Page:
What is real-time analytics?
In this guide you'll learn what real-time analytics is and why you might need it in your applications.
Many modern software or web applications offer analytics capabilities to their users. But what does it mean for those analytics to be real-time?
Karin Wolok explains Real-Time Analytics
Types of analytics
There are, broadly speaking, three types of analytics:
- Dashboards and BI Tools
- Normally used for internal purposes. BI Analysts are often the ones that are assessing this data.
- User-Facing Analytics
- Analytics that you provide to the end users of your software or web applications.
- Machine Learning
- Also referred to as machine-powered, or machine-fed analytics. These are when you feed analytics or events directly into your systems and then have your systems do the processing, automatically. Anomaly detection and fraud detection fit into this category, or any time a machine is generating insights without human interaction.
Why is fresh data important?
When you're working with very large data sets that are constantly changing, you need to make sure the analytics that you have are based on the most recent data. Data gets outdated quickly and not having the freshest data can set you back in each of the type of analytics defined above.
Dashboards need to be able to monitor the constant changes.
You can build more interactive applications on top of this fresh data with actionable triggers for your end users. Organizations like LinkedIn provide their end users with real-time data in places like Who viewed my profile where a user can message other users upon seeing that they viewed their profile. Another example is in LinkedIn's news feed where a user can react, comment, or like a post as soon as they see it.
For machine learning analytics you want your systems to know right away when something is happening, when there are changes in patterns or trends, so that you or your systems can take action.
Building a real-time analytics system
What does it take to build a real-time analytics system? There are three requirements that these systems must satisfy:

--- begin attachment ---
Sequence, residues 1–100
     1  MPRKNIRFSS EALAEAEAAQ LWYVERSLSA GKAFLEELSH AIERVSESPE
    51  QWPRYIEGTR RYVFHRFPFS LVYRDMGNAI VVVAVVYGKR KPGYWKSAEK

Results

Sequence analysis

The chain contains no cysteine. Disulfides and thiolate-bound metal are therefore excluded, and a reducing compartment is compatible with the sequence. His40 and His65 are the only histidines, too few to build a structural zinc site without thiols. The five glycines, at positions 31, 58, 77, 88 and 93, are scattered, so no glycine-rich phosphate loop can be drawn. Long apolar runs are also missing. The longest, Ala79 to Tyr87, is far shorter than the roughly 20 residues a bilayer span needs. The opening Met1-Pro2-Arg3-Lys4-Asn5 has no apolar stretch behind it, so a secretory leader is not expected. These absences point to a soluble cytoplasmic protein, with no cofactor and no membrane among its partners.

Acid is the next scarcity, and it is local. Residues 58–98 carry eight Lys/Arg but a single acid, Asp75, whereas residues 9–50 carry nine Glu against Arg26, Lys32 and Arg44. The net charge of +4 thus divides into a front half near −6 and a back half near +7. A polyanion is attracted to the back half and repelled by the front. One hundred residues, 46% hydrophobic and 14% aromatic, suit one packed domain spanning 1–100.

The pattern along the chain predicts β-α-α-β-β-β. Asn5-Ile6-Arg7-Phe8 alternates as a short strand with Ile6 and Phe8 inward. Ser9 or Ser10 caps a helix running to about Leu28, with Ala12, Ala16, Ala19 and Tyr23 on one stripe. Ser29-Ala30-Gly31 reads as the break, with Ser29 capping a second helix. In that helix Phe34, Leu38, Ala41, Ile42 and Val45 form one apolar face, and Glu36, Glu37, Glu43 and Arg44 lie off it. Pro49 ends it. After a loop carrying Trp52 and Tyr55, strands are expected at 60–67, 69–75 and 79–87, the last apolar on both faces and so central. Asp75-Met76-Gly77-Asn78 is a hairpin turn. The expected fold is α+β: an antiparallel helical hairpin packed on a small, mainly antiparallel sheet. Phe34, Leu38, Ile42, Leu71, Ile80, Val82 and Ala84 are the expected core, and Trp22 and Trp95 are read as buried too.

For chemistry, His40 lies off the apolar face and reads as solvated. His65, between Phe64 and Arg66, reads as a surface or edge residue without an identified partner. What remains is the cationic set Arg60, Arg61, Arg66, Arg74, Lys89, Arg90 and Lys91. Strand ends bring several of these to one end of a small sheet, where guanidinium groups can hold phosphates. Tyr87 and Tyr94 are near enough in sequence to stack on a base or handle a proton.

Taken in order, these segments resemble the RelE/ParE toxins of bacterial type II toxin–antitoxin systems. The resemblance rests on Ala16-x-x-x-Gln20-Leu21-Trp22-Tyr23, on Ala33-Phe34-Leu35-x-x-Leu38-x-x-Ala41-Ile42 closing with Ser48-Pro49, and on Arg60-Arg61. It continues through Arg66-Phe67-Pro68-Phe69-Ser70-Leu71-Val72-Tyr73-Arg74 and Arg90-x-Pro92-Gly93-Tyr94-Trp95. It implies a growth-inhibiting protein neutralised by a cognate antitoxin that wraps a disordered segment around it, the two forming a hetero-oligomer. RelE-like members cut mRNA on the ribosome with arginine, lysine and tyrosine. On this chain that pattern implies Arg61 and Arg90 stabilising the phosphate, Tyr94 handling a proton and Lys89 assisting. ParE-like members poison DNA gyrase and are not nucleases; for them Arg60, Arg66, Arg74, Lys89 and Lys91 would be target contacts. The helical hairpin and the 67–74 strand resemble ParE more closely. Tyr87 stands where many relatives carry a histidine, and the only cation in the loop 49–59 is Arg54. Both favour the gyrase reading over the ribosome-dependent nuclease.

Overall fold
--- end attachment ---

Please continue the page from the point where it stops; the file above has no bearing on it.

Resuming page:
Speed of ingestion
Your application has data coming from a bunch of different sources, including batch and streaming sources. Streaming sources are built to pull new data as soon as it comes in. The data ingestion process needs to be really really fast. As soon as any changes happen, you should see this reflected in the real-time analytics system.
Speed of queries
After you pull this data in, you need to make sure that the data can be queried as quickly as possible. If you're building dashboards, providing your end users with their own analytics, or feeding your data into some kind of machine learning algorithm, you need to make sure that all the freshly ingested data can be pulled out as quickly as it was pulled in.
Your system need to be able to handle a large number of queries run at the same time. It's not uncommon for real-time analytics systems to process 100s of thousands of queries per second.
In summary, real-time analytics help us make better data products that enable our users to make better and more timely decisions. To enable this we need to be able to pull data in as soon as it happens, pull data out as soon as it get pulled in, and do so at scale.
Apache Pinot is a real-time distributed OLAP datastore, purpose-built to satisfy these requirements. To learn more about Apache Pinot, see the Getting Started with Apache Pinot guide.